Why a 4-6-0 wheel arrangement, and not a 4-6-2 to improve stability at speed?

The following is taken from Wardale’s response to an article by Bob Butrims published in Locomotives International #56 which itself included a response to the artlcle “What Could You Do With £1.7 Million? David Wardale Answers” as published in edition 55 of the same magazine.  Bob’s response included the comments that: “there is the problem with ash disposal (in narrow fireboxes)”, and that “any firebox that goes down between the frames is a nightmare for maintenance when you get boiler leaks down low”:

“Coming to the comments on my proposal, some of them unfortunately show how prejudices might creep in. For example the idea of a high speed 4-6-0 is criticised on the grounds of riding quality. Like Bob, I have travelled many thousands of km on locomotives, both with and without trailing trucks, in a fair number of countries, and certainly the worst riding in a lateral plane were the Chinese QJ Class 2-10-2s. It is not the presence or absence of a trailing truck (which is undesirable non-adhesive weight, not there for stability reasons but due to the large fireboxes necessary in former locomotives), which makes a locomotive stable, but the whole design of its chassis. Thus it is possible to have a perfectly riding 4-6-0 and a badly riding 4-6-2, and practical examples of both certainly existed. Against Bob’s experience one can, for example, point to the GWR King and Castle class 4-6-0s which by all accounts rode like Rolls Royces, so much so that the crews complained of the riding of the Britannia 4-6-2s when they were introduced. And as eminent a person as André Chapelon proposed 4-6-0s for 200 km/h operation, (see book reviews – Ed.), which he was unlikely to have done if they were inherently unstable. Thus experience of imperfectly designed 4-6-0s should not be used to condemn this type as such. The chassis of the proposed 4-6-0 can and would be designed for very stable riding, roller side control of the leading bogie, roller bearings, self-adjusting wedges, and manganese steel liners and mechanical lubrication of the relevant components (or “dry” lowwear materials), enabling riding quality to be maintained from shopping to shopping, as was actually the case with SAR locomotives so fitted.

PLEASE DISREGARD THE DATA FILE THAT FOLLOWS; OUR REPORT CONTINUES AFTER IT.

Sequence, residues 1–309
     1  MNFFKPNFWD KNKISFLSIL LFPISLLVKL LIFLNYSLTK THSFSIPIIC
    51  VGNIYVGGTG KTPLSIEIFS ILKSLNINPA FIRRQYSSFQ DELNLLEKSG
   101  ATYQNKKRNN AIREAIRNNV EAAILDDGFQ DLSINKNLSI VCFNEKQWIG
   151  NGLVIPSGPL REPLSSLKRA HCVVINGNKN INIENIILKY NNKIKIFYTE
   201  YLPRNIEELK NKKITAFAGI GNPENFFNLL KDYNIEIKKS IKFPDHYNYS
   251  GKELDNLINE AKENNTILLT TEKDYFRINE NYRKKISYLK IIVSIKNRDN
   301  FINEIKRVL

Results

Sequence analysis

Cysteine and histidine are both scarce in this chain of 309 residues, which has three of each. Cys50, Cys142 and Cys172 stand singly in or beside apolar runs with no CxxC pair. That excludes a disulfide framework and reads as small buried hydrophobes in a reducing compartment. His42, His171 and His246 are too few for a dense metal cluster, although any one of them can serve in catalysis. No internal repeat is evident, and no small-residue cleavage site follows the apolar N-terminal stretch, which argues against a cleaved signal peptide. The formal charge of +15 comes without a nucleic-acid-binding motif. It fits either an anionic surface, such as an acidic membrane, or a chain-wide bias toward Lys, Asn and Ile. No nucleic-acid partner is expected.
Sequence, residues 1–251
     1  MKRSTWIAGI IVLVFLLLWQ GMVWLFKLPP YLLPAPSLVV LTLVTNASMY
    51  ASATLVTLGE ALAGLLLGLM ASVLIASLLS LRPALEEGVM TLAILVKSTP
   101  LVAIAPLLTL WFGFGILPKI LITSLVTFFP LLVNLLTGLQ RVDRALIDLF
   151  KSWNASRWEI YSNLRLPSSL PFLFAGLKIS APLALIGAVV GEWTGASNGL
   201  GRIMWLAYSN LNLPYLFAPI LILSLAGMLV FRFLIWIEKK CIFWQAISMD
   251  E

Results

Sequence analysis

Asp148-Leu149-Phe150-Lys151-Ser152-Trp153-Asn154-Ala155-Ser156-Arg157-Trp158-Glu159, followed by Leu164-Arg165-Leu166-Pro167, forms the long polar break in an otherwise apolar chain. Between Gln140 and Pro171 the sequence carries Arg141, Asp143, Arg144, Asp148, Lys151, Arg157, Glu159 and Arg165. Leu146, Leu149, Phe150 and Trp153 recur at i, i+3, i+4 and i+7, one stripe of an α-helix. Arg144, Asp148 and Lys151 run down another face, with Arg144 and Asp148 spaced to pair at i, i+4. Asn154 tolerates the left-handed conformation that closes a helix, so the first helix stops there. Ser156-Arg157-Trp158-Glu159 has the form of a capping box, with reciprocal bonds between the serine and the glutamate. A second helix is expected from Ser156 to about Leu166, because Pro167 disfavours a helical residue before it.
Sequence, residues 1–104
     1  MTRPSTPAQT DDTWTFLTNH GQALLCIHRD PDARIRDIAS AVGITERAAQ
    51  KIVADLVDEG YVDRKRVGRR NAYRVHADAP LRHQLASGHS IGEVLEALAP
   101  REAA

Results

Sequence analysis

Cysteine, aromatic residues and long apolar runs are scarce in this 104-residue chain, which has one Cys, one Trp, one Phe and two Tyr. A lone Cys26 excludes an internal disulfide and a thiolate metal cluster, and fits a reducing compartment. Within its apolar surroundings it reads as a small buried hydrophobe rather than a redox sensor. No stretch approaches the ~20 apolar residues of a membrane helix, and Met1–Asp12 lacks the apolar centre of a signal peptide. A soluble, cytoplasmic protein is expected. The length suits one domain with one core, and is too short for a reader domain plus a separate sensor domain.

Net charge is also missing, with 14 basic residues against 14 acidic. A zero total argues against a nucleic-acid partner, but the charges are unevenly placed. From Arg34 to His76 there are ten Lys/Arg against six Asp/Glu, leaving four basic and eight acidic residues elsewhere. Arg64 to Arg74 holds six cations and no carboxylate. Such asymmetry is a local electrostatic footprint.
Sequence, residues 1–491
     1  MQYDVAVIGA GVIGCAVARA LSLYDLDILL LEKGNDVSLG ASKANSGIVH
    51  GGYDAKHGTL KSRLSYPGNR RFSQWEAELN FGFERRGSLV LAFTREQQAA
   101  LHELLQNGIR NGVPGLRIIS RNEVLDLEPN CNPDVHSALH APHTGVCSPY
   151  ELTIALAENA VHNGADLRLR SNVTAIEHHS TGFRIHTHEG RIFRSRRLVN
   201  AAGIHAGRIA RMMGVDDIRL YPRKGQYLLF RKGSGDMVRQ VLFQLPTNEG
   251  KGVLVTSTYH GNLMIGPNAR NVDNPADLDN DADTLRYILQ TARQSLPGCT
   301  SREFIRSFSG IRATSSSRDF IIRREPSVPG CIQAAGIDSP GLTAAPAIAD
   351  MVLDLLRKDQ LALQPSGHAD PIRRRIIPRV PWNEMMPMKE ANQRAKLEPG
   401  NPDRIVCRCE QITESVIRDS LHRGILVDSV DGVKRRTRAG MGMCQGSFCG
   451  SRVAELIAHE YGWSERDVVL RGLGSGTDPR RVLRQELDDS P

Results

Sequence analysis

Concerning comments made on firebox design, with coal firing using the GPCS (Gas Producer Combustion System), there is no need to “clean the fire” in the conventional sense, but merely shaking the grate on the move to discharge ash into the ashpan, for which a narrow firebox between the frames is more suitable than a wide firebox when the latter, as was usual, does not have a self-emptying ashpan (one of the problems with 3450). Higher thermal efficiency translates into reduced fuel consumption, so that the simple dumping of accumulated ash from the ashpan would be required at relatively infrequent intervals. But as explained in my original article, the type of fuel is optional, and the preliminary performance calculations have in fact been made for diesel fuel (gas oil). Although there is currently some difference of opinion regarding the merits of deep narrow fireboxes and shallow wide ones for oil firing, it is the case that in the past the former has been preferred for locomotives specifically designed to burn only oil fuel. Bob would prefer wide ones which “suit what we do very well”, but he has not mentioned the oily deposits, building up to 6 inches in 5,000 km, which have to be laboriously scraped off the lower firebox walls of No. 711 – another maintenance nightmare which would have to faced every 4 days at the level of utilisation of the former New York Central 4-6-4s!

With modern design and construction methods and water treatment, there would be no leakage from the firebox, therefore having a firebox partly between the frames would not give rise to any maintenance inconvenience. A deep narrow firebox is not a matter of going back to the past, but is rather based on the not-negligible advantages of such a design, as recognised by Chapelon.”